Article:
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CVNE Imperial Gran Reserva Rioja 2007

Tempranillo from Rioja, Spain
  • RP93
  • WE91
  • WS90
13.5% ABV
  • W&S93
  • RP93
  • WE95
  • RP94
  • WS92
  • JS94
  • WS93
  • WE92
  • WS95
  • RP92
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13.5% ABV

Winemaker Notes

Cune Imperial Gran Reserva is an intense ruby red color.The nose is rich and enticing with black and red berry fruit and licorice notes. The palate is generously fruity with toasty oak, supple tannins with savory balsamic nuances and a long finish.

Critical Acclaim

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RP 93
Robert Parker's Wine Advocate
The 2007 Imperial Gran Reserva is again a great wine in the making. Red fruit and plenty of spices (nutmeg), the palate shows great acidity and abundant tannins that need resolving with time in bottle. Great tension and nerve. I think it will take some time to be released, which is good as it will require some patience. Drink 2016-2021. Rating:93+
WE 91
Wine Enthusiast
Exotic, smoky aromas of blue fruits and Middle Eastern spices are proprietary to this wine. The mouthfeel is juicy but also earthy, while flavors of tobacco, mint, herbs and plum finish mellow and elegant. Although 2007 was not a good vintage in Rioja, this is a success; drink through 2024.
WS 90
Wine Spectator
This fleshy red offers blackberry, black chocolate and toasty flavors, with savory accents of black olive and tobacco. Chewy tannins and orange peel acidity provide structure. Rich for the vintage.
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CVNE
CVNE, Rioja, Spain
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Cvne, is situated in Rioja in the traditional neighborhood of the station, where the oldest wineries of Rioja Alta established themselves, for the main reason of transporting their goods to the port of Bilbao.

In 1879, two brothers decided to set up a business in the recently flourishing trade of the wine business. C.V.N.E., Compañía Vinicola del Norte de España (The Northern Spanish Wine Company) or la Cuné, as it is commonly known in Haro, was created. This cellar still reflects the origins of the company and is kept in the traditional neighborhood of the Haro station.

The Cune winery in Haro, is made up of a group of buildings, mostly from the 19th century and arranged around a courtyard surrounded by pavilions for the purpose of wine production, aging, and bottling.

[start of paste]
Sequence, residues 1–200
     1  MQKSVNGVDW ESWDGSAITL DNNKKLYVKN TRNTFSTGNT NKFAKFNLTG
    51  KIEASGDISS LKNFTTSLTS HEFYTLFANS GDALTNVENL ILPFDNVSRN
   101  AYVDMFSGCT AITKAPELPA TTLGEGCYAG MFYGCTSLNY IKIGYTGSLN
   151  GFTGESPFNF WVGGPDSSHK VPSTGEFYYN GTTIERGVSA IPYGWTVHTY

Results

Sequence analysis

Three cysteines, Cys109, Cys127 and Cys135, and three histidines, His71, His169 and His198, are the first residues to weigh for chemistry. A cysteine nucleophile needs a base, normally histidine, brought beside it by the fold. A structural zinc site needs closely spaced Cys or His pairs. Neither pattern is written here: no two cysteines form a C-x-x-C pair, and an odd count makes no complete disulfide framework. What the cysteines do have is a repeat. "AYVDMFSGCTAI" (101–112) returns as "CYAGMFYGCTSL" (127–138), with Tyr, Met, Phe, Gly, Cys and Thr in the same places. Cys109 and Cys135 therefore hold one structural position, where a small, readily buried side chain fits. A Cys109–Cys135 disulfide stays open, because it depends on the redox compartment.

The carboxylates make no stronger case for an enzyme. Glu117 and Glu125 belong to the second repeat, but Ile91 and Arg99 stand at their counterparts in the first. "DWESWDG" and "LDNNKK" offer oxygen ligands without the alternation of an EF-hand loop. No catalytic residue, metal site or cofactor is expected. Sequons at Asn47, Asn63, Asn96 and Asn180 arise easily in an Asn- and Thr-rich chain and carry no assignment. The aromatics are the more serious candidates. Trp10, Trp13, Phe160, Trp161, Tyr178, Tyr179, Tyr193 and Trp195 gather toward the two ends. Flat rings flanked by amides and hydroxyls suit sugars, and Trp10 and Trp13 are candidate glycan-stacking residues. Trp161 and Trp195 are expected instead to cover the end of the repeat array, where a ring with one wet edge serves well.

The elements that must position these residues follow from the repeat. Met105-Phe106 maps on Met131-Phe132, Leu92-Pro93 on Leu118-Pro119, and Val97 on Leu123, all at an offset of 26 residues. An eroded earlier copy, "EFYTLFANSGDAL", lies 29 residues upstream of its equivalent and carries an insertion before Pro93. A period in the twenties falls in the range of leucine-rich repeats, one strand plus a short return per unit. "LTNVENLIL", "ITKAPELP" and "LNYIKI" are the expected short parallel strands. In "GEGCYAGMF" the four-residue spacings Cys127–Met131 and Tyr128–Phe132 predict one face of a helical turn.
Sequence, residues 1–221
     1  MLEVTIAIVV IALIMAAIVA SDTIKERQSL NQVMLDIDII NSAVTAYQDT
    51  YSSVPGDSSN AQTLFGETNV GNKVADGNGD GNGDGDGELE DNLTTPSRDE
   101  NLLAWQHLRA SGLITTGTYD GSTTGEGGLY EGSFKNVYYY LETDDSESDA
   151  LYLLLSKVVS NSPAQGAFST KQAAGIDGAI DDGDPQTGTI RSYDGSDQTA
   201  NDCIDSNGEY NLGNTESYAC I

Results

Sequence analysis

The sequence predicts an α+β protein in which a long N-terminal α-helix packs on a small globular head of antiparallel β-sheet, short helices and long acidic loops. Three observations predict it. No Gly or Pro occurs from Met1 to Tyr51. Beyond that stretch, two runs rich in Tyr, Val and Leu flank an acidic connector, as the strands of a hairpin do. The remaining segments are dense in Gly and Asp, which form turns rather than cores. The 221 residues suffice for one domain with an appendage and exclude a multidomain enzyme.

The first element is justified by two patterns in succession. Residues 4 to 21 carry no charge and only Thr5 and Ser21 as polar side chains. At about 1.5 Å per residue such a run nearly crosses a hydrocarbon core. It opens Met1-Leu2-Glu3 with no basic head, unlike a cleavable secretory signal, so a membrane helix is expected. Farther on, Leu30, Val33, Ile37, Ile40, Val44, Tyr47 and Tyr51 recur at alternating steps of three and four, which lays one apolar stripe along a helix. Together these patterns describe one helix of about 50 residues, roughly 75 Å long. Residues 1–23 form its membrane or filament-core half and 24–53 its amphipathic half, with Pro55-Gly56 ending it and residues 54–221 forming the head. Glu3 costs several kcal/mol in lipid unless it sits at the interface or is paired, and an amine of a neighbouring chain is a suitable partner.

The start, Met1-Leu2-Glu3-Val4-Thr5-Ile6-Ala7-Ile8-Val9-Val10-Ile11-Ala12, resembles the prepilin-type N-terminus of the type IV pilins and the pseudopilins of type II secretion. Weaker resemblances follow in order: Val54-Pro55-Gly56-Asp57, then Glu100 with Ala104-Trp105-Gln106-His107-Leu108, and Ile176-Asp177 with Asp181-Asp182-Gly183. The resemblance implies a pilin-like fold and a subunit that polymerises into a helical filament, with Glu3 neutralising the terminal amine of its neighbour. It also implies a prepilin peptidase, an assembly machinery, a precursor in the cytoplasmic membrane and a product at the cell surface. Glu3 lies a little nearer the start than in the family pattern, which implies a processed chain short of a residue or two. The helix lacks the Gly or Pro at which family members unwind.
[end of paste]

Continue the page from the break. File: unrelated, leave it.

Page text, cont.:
Highly regarded for distinctive and age-worthy red wines, Rioja is Spain’s most celebrated wine region and also home to whites of equivalent quality but lesser renown. Made up of three different sub-regions of varying elevation—Rioja Alta, Rioja Alavesa, and Rioja Baja—wines are typically a blend of fruit from all three, although single-zone wines are beginning to gain in popularity. Rioja Alta, at the highest elevation, is considered to be the source of the brightest, most elegant fruit, while grapes from the warmer and drier Rioja Baja produce wines with deep color and high alcohol which mainly serve to add body to a blend. While fresh and fruity Riojas labeled “Joven” undergo minimal aging before release, a hallmark of more serious Rioja wines is the aroma and flavor of new oak—traditionally American, which imparts characteristics of dill, coconut, vanilla, and spice to the wine. Tighter-grained, subtler French oak, however, is becoming increasingly common. Crianza and Reserva styles are aged at least one year in oak, and Gran Reserva at least two, but in practice this maturation period is often quite a bit longer—up to about fifteen years.

Tempranillo provides the backbone of Rioja red wines, providing complex notes of red and black fruit, leather, and tobacco, while Garnacha supplies body and alcohol. In smaller percentages, Graciano and Mazuelo often serve as “seasoning” with additional flavors and aromas. These same varieties are responsible for flavorful dry rosés. White wines are made mostly from crisp, fresh Viura, which is usually blended with aromatic Malvasia and weighty Garnacha Blanca. White Rioja has traditionally been made in a nutty, oxidative style, though a bright, unoaked version is currently in vogue.

Tempranillo

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Notoriously food-friendly with soft tannins, modest alcohol, and bright acidity, Tempranillo is the star of Spain’s Rioja and Ribera del Duero regions. It is important throughout Spain as well as in Portugal, where it is known as Tinta Roriz and is an important component of Port wines and the table wines of the Douro region that Port calls home. California, Washington, and Oregon have all had moderate success with Tempranillo, producing a riper, more fruit-forward style of wine.

In the Glass

Tempranillo is often aged in new oak for the integration of spicy, woodsy, and herbal flavors, often with hints of vanilla, coconut, and dill. The grape itself produces medium-weight reds with bright red and black fruit aromas and hints of spice, leather, and tobacco, with no shortage of flavor.

Perfect Pairings

Tempranillo’s modest, fine-grained tannins and bright acidity make it extremely food friendly, pairing with a wide variety of Spanish-inspired dishes—especially grilled lamb chops, a rich chorizo and bean stew, or paella.

Sommelier Secret

The Spanish take their oak aging requirements very seriously, especially in Rioja. There, a system is in place to indicate on the label how much time the wine has spent in both barrel and bottle before release, which is helpful to the consumer trying to determine the style of an unfamiliar wine. Rioja can range from Joven (fresh, fruity, and unoaked) to Gran Reserva (complex and oxidized from extended barrel aging), with Crianza and Reserva in between.

FBR110988_2007 Item# 134158